I’ve tried fishing without a constant supply of tea and coffee, don’t bother, it’s essential. I only take healthy convenience foods (biscuits, cakes, buns and pasties) which last all of 15 minutes.
I use a single bank stick set-up to give me space amongst other reasons; it seems easer in the dark to deal with one thing at a time. Carrying your bivvy separate is also a good idea, having instant access to it is very important especially when you arrive at a swim just as it begins to rain. Keeping warm and dry is also very important, my sessions end with me going to work, so I always try to get a good night sleep. A good comfortable bedchair and sleeping bag is essential. I’m using the new Cloud 9 systems at the moment, which does the trick for me. The only discomfort I want to feel is hopefully dealing with a fish at some point during the night.
My current choice of venue means I’m usually fishing by about 6.30pm. I wouldn’t dream of going to sleep at home until probably mid-night, but when its cold or the wind is blowing it’s always tempting to jump into that nice warm sleeping bag, don’t. Like I stated earlier, why would you go to bed at 7.00pm? From now until I eventually turn-in, which is usually around 11.30pm, I watch the water.
During this period always be prepared to move if something gives you cause to believe there’s a better prospect somewhere else. I know lots of anglers retreat to their bivvies and either go to sleep or watch television. Each to his own, but you will miss opportunities and essential observations which might not benefit you that night, but could in the future.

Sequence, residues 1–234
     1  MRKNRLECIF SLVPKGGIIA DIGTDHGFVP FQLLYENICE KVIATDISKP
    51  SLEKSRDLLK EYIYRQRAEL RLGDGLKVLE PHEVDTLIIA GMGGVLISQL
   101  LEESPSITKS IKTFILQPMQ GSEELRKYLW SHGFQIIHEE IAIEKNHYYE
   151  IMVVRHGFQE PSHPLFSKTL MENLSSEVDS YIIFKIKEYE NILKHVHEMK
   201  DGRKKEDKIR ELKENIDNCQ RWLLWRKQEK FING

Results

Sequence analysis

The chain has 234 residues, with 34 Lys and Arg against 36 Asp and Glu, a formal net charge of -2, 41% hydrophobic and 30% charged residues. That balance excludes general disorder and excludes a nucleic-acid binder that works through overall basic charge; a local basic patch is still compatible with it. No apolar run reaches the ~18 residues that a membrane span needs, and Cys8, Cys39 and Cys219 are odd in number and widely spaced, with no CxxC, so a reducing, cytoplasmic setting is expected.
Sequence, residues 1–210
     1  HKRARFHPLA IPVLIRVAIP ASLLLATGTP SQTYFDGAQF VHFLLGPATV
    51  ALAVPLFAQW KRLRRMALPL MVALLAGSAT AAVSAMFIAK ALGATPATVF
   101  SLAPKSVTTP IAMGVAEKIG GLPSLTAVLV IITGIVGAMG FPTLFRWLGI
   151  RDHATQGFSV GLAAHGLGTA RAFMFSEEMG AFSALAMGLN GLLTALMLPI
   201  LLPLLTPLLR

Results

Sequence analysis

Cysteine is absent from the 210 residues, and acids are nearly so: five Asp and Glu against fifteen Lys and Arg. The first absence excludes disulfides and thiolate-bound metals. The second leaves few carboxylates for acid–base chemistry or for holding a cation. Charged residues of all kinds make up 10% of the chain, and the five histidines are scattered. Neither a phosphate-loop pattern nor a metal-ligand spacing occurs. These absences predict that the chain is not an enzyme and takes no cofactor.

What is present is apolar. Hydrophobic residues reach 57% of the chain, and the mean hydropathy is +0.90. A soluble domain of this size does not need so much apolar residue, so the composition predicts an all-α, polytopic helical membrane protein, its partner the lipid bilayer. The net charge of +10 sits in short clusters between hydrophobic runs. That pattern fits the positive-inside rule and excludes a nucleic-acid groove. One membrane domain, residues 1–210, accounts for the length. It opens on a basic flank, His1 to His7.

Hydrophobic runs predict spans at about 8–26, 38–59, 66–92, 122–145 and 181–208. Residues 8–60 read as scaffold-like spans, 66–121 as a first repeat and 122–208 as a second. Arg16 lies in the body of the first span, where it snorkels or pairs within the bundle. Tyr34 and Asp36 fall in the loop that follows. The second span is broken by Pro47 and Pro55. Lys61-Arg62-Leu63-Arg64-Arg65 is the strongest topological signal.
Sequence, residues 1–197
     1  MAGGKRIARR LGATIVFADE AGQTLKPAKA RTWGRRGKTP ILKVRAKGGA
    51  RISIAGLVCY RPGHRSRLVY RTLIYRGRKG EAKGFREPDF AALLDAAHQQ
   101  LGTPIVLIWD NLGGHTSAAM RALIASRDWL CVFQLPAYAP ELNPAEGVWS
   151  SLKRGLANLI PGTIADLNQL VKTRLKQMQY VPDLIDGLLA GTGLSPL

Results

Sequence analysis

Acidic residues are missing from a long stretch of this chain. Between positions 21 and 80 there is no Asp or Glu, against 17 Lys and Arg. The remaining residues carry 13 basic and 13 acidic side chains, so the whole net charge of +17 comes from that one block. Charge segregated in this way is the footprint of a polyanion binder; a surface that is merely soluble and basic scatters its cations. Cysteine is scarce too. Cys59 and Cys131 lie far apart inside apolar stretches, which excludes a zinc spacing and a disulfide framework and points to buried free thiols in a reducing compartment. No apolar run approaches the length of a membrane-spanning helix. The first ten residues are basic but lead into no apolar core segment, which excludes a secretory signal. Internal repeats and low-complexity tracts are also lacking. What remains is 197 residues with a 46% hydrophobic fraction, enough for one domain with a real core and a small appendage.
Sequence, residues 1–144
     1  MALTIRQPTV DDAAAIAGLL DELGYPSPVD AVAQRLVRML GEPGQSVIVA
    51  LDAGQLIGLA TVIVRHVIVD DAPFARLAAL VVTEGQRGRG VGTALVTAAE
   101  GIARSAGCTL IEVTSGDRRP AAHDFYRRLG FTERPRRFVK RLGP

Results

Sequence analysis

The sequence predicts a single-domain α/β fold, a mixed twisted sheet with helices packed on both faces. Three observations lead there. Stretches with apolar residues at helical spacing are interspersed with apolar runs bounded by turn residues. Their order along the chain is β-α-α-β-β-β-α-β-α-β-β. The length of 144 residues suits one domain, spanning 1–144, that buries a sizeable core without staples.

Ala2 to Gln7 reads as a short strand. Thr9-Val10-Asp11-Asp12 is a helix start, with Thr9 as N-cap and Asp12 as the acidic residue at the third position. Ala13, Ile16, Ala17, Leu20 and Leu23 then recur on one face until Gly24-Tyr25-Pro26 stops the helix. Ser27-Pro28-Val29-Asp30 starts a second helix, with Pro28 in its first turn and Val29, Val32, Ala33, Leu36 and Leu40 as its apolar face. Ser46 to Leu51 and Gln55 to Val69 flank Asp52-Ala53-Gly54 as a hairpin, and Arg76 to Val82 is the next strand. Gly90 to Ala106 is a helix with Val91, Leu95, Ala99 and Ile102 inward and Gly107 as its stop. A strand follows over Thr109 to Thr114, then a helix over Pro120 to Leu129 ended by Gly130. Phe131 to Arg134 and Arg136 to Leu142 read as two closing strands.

This approach to Carp fishing is not suited to every venue; very weedy waters can be a nightmare. The problem will depend on how extensive the weed growth is and its type, some venues it will continue growing all year, which means constant change. Constant change isn’t good when you are relying on some pre-measured accuracy. Finding small spots in weed beds when it’s blowing a gale and dark can be very hard. You can do the ultimate cop-out and fish the margins or chuck a PVA bag out, my advice would always be leave these venues alone until you have some daylight hours. The other type of venue to avoid is those that have a poor track record for night bites. One of my close-angling companions doesn’t believe there is such a place; his opinion is there’s just a lack of effort. My advice – stick to some certainty.
Making things easy helps, being able to drive close to your chosen swim is a major advantage both for setting-up and packing away. The other part of darkness fishing is coping with this shrouded world and the frustration from not seeing your surroundings properly. It’s a fact that humans suffer from depression or seasonal affected disorder (SAD) due to the lack of sunlight. I once worked full time down a coal mine so I know all about getting depressed if left in the dark too long. Winters were a nightmare some weeks I only saw daylight at the weekends and that could amount to just a few hours. Keeping the enthusiasm going largely depends on how motivated you are and how difficult the fishing becomes. That aspect will always be down to the individual, but don’t blame the dark – it doesn’t stop you catching fish if you approach it correctly.